Marty Arscott: Helping the people of Malawi through GAIA

by Linda Hubbard on November 22, 2010

While raising her four boys (born within five years, four months!), Marty Arscott, an Atherton resident since 1985, was active in school and community volunteering. But once they were grown and out of the house, she decided to take a hiatus from nonprofit work for a few years .

“I wanted to intentionally stay away from volunteering until I found something so compelling that I couldn’t turn it down,” she says. “And I knew it needed to be an area where I could make a real contribution to changing people’s lives.”

Three years ago, she found her new calling – the Global AIDS Interfaith Alliance (GAIA) a now 10-year-old nonprofit organization that provides life-saving services in rural Malawian villages. In Malawi, located in sub-Saharan Africa, 80,000 people die each year and over 550,000 children have been orphaned, mostly as result of HIV/AIDS.

Marty Arscott with Malawian childShe jumped in feet first, initially getting involved in the development and finance committees before assuming the position of Chair of the U.S. Board of Trustees earlier this year. Last summer she traveled with other GAIA supporters and a group of UCSF nurses to visit Malawian villages and see the outcome of GAIA’s programs firsthand.

“Making the trip was an overwhelmingly humbling experience,” says Marty. “The emotional impact was huge, being surround by hundreds of  impoverished people – not only poor but many of whom were sick – who gathered in every village we visited to thank us for the work we were doing.

“What really drove the experience it into my heart was as we approached a village gathering, the people would be singing a song about GAIA, and it occurred to me to me that yes, GAIA’s work had become a fabric of their lives. The children there would remember the GAIA song the same way my children would remember a familiar tune.”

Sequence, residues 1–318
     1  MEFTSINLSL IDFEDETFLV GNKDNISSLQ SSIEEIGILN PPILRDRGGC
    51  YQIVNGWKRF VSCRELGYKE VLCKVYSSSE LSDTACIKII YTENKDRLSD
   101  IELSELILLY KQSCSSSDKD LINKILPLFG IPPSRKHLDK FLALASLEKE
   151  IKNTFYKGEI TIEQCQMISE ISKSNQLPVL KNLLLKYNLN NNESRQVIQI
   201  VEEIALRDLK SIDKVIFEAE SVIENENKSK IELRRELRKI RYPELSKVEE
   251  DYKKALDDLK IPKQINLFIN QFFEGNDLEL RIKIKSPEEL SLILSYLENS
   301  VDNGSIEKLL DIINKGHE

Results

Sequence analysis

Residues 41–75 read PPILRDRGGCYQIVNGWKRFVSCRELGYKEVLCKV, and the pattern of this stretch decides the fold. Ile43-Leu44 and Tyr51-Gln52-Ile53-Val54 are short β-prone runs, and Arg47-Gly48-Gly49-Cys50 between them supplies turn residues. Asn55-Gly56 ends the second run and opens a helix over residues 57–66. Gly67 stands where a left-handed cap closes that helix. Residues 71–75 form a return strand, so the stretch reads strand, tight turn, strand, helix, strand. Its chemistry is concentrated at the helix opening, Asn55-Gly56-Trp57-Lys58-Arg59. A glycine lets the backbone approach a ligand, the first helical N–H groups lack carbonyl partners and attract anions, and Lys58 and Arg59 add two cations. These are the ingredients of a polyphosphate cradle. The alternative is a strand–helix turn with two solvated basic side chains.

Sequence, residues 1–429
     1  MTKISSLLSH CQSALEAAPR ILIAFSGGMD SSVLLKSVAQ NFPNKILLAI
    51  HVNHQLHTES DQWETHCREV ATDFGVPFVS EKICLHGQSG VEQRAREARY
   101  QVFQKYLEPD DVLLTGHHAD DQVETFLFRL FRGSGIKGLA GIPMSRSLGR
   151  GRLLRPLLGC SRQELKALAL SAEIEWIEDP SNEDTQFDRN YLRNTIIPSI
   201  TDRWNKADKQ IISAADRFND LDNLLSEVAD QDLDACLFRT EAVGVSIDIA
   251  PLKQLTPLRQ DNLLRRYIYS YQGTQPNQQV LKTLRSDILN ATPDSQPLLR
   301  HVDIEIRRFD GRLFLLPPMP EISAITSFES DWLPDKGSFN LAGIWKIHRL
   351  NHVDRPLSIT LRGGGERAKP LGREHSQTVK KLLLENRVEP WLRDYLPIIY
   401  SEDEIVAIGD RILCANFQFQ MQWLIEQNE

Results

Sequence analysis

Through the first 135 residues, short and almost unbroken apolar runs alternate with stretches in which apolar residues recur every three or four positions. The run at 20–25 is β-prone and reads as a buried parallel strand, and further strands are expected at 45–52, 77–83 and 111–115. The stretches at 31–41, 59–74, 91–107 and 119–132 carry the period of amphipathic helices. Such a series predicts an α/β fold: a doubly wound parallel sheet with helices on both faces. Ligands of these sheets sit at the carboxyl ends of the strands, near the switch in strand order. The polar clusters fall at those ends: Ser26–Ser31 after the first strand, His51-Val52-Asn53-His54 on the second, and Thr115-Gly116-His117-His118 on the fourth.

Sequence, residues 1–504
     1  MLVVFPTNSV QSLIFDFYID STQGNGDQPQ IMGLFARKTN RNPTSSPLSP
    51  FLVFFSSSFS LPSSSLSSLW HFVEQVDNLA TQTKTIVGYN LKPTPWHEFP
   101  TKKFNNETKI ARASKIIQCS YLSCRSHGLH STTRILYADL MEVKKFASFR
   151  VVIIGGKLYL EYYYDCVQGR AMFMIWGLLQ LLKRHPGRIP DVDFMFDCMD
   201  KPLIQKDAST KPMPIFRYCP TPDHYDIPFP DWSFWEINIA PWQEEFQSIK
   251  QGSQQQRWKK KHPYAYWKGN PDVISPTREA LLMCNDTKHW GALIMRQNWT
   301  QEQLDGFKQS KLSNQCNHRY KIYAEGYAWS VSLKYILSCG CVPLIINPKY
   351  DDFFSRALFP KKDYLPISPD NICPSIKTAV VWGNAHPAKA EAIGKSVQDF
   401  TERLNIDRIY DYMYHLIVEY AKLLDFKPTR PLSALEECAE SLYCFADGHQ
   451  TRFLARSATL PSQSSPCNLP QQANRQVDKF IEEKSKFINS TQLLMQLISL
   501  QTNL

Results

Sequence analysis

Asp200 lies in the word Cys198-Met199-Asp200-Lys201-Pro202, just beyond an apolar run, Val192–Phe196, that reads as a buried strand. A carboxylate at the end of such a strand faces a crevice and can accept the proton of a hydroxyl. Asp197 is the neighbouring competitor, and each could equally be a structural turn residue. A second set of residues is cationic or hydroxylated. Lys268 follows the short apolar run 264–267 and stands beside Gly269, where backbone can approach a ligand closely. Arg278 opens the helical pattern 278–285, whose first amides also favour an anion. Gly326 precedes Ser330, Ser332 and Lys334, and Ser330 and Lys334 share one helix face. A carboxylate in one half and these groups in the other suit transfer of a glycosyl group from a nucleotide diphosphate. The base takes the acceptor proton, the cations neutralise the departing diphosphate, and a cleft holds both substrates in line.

GAIA was founded in 2000 by William Rankin, PhD, who remains  President and CEO of the organization, and Dr. Charlie Wilson, who was chairman of Neurological Surgery at UCSF for 28 years. The organization’s program areas fall into three key categories – empowering communities through youth HIV prevention, orphan care/education and home-based care; raising the status of women through nursing scholarships and microfinance programs; and strengthening healthcare capacity through hospital-based services and mobile medical clinics.

visitor to Malawi surrounded by villagersMarty says GAIA’s work is currently focused on Malawi’s poorest district, Mulanje. “GAIA is known for going to remote villages where other NGOs [non-governmental organizations] won’t go. Another distinguishing feature is that we have all Malawians on staff in country and our focus is on educating the local people and giving them the resources to implement the programs. It’s the local staff that determines how to customize of programs to fit the needs of their villages.”

This isn’t her last trip to Malawi. She hopes to back in the next few years. “The people are astounded that Americans know about about them and care enough about them to travel so far,” she says. “They’re very humble and visiting reaffirms the work GAIA is doing.”

You can read more about Marty’s trip to Malawi on a blog she wrote during her journey. She first learned of GAIA at a gathering at a friend’s home. If you’re interested in hosting an event or attending one in the Bay Area, contact Nadia Winters at (415) 461-7196 or nadia[at]

Photos courtesy of Marty Arscott.

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